There has been plenty of ongoing debate about which position the Cincinnati Bengals should target in the first round of the 2013 NFL draft. The Bengals will surely take the best player available on their draft board at that point, but nobody outside the front office knows exactly how that board looks right now.
That leaves the rest of us to speculate upon which position is most captivating to the Bengals as their greatest need. This year, the safety, linebacker, running back, defensive end, offensive line and wide receiver positions can all be considered needs.
Why should the Bengals choose to draft a safety with their first-round selection over the other choices?
Let's break down each position of need and the players who may or may not be available to decipher the best course of action for Cincinnati to take on April 25.
The four receivers in this year's draft who have true first-round grades are Tennessee's Cordarrelle Patterson, West Virginia's Tavon Austin, Clemson's DeAndre Hopkins and California's Keenan Allen. Even if the Bengals were thinking about a wide receiver in the first round, they will look the other way due to value.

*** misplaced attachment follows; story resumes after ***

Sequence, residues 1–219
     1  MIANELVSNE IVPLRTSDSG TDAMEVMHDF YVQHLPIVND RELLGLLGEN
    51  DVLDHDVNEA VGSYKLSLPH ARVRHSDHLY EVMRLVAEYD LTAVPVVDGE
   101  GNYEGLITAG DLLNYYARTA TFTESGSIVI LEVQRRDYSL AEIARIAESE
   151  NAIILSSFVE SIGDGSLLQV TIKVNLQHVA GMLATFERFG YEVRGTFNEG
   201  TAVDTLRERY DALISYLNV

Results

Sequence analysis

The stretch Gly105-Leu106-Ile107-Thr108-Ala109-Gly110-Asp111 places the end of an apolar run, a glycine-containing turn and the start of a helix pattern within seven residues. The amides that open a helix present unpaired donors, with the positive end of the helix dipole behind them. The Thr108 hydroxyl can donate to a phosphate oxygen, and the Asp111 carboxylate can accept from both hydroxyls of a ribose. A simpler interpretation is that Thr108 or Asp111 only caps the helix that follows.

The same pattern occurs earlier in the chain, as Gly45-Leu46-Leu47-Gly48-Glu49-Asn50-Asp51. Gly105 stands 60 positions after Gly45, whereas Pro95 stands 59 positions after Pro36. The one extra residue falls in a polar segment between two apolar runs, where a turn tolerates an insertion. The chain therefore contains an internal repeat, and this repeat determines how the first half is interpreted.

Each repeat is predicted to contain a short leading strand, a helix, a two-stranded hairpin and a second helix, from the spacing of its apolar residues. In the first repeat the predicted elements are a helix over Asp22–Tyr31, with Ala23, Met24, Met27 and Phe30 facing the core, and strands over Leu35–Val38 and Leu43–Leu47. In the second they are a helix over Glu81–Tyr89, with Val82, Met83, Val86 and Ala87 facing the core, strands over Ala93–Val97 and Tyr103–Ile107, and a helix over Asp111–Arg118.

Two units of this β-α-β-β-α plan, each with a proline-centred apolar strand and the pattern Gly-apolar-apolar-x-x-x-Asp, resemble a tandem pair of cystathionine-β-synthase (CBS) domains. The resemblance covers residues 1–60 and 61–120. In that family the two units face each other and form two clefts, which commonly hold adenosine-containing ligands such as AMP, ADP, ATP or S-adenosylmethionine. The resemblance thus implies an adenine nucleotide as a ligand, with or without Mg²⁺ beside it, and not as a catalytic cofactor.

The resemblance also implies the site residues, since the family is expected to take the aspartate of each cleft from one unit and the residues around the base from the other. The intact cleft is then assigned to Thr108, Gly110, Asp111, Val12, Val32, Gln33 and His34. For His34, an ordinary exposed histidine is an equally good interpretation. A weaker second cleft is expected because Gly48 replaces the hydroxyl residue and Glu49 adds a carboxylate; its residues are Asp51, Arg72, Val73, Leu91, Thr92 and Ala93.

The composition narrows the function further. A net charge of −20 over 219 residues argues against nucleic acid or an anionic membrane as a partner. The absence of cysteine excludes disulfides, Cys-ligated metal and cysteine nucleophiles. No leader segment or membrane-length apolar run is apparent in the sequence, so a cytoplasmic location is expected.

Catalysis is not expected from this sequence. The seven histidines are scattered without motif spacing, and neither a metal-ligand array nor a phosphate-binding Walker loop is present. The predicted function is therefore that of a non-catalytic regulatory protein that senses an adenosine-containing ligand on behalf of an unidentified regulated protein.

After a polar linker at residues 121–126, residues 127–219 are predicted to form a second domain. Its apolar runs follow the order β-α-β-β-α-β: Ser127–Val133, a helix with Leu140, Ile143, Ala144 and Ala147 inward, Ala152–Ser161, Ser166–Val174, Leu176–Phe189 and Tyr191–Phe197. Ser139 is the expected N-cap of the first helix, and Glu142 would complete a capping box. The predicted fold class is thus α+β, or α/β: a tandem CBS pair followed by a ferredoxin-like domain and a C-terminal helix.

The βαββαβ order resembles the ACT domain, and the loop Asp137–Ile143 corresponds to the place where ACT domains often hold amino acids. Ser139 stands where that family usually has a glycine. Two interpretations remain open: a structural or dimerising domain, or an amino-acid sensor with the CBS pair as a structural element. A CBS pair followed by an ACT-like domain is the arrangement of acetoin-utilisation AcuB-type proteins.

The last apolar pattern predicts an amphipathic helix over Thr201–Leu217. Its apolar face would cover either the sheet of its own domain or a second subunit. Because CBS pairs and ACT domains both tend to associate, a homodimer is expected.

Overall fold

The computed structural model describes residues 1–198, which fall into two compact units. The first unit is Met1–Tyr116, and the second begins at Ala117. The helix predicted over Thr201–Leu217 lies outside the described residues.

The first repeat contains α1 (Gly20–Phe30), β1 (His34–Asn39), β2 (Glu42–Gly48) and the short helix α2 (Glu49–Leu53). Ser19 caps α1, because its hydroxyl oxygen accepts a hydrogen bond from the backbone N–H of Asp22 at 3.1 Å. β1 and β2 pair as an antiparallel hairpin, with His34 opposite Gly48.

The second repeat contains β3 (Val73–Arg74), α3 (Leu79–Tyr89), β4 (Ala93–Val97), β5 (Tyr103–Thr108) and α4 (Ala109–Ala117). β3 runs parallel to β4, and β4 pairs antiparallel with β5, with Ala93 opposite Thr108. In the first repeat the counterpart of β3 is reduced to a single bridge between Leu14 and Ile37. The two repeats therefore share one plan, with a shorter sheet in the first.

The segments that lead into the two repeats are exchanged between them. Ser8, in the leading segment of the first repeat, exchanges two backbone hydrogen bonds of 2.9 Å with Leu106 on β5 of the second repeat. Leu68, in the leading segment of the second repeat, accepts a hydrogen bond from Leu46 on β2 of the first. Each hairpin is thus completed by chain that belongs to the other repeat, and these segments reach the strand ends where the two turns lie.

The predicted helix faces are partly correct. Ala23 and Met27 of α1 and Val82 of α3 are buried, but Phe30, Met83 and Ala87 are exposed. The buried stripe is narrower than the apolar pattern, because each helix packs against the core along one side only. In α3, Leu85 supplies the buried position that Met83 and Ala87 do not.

There are several teams that are very needy at the wide receiver position early in the draft. This could mean that there can be a run on receivers early. The Bengals have not been a team to reach for a player in the Marvin Lewis era.
The Bengals staff have made it well-known that they do intend to take a running back in the draft this year. However, it seems very unlikely that a first-round pick would be spent on one. There may not even be a running back with a true first-round grade this year.
Alabama's Eddie Lacy seems to be the consensus top back in the draft, but he is projected anywhere from the late first round into the early second round. There is no use for the Bengals to spend such a high pick on a player who will be in a timeshare in the backfield.